Hold the reforms -- Castro is inching back into the driver’s seat
Nine months after falling victim to an illness that many U.S. analysts assumed would prove fatal, Fidel Castro appears to have come back from death’s door to resume some leadership responsibilities and rein in Cuba’s would-be reformers.
He’s receiving visiting dignitaries, not just friends such as Colombian writer Gabriel Garcia Marquez and Venezuelan President Hugo Chavez but official delegations, including one last week led by a senior figure in the Chinese Communist Party, Wu Guanzheng.
Castro’s name is again attached to editorials for Cuba’s state-run media, ones in which the U.S. government is lambasted for freeing an accused terrorist and Brazil is criticized for using food crops for ethanol production when they could be feeding Latin America’s poor.
And, to the alarm of veteran Cuba-watchers who sensed a new degree of openness to economic change during Castro’s absence, the apparently reinvigorated revolutionary is now believed to be blocking moves to let Cubans open small businesses.
U.S. analysts of Cuban developments acknowledge that they know little about Castro’s illness or the degree of his recuperation. His personal secretary said he was suffering from intestinal bleeding when he handed over power last summer to his brother Raul. U.S. intelligence sources have speculated that he has cancer.
But the Spanish newspaper El Pais reported the most detailed and plausible version of his prolonged medical attention, citing unidentified doctors familiar with Castro’s case. The newspaper said the Cuban president had undergone three surgeries to remove infected intestinal tissue and became gravely ill when the incisions failed to heal and the infection spread to his stomach.
Since July 31, when Raul Castro, the defense minister and first vice president, took over for his older brother, state-authorized media exposes on rampant corruption and the younger Castro’s public criticism of shortages in food, transportation and housing have hinted at internal review of Cuba’s political and economic system, said Phil Peters, vice president of the Lexington Institute near Washington and a veteran analyst of Cuban affairs.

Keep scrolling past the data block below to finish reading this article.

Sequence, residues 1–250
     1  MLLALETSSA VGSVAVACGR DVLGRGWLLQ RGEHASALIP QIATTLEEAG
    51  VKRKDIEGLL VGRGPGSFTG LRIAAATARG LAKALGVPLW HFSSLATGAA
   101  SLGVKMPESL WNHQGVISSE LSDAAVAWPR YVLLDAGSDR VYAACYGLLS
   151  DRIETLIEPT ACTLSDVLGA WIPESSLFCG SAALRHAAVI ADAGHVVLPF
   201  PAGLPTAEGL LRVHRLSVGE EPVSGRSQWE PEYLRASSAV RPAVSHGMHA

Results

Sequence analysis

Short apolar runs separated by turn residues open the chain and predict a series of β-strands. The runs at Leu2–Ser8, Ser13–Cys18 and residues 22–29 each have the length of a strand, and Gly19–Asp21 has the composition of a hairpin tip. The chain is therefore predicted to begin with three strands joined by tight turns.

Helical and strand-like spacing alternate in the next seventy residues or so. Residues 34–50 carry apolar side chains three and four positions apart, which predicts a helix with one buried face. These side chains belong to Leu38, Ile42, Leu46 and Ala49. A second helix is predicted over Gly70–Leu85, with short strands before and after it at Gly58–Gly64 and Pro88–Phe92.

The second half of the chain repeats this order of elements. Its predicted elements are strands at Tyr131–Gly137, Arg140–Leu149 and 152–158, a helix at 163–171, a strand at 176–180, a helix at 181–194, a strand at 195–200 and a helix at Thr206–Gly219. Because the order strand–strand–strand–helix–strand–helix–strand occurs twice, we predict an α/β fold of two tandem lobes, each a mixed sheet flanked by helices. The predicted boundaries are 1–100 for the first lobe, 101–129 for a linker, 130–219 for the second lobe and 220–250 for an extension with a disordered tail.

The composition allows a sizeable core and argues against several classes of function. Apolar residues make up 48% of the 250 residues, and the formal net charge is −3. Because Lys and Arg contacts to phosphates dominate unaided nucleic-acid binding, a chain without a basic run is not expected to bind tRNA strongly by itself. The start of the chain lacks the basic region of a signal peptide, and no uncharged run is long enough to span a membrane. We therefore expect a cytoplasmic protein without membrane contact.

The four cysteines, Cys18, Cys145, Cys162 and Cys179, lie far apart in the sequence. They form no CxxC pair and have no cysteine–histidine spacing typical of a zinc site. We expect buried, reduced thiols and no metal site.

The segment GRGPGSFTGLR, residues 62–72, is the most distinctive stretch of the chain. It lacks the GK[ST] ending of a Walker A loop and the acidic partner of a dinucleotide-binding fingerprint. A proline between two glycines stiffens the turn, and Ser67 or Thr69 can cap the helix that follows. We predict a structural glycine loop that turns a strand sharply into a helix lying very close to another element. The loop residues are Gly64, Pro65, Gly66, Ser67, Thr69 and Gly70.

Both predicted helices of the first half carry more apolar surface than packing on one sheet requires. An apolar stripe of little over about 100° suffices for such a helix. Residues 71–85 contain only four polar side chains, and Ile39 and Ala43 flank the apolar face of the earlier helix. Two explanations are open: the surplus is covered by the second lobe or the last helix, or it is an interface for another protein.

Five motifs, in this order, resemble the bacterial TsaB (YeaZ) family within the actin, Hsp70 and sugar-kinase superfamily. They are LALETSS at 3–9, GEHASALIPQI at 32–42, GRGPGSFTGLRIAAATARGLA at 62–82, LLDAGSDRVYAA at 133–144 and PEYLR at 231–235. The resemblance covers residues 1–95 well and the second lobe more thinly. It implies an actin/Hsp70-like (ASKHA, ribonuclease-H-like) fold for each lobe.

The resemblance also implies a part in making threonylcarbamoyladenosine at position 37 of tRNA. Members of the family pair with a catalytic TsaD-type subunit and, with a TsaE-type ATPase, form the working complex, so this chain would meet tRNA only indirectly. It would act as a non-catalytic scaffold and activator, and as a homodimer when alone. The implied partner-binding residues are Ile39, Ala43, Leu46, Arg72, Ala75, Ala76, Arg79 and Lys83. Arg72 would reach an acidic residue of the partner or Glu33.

Raul, the pragmatist
Raul Castro has a reputation for pragmatism about private enterprise within the state-run economy, having inaugurated many of the island’s most successful hard currency-earning joint ventures in tourism in the early 1990s, when the country was reeling from the sudden cutoff of Soviet aid.
After Fidel Castro was too sick even to make an appearance at the September summit in Havana of the Non-Aligned Movement or at his delayed 80th birthday celebrations in December, the government said that a thorough review was underway to identify, and presumably correct, flaws in the communist ideology guiding the country.
“Now it looks like cold water’s getting poured over all that,” Peters said. “That, to me, is the clearest sign that Fidel Castro is getting better and getting closer to coming back to office.”
Castro remains staunchly critical of income disparities among Cubans, including the estimated $1 billion in annual remittances from relatives abroad that are believed to benefit as much as a third of the island’s population.
State salaries average about $15 a month for most workers, so the $100 a month that Cubans in the United States can legally send their relatives in Cuba has created a class divide between those who receive dollars and those who do not.
Also prospering out of proportion to those in state enterprises are the thousands of entrepreneurs who secured licenses during the early 1990s that allowed them to open private restaurants, pensions and consumer services that cater to the 2 million foreign visitors to Cuba each year.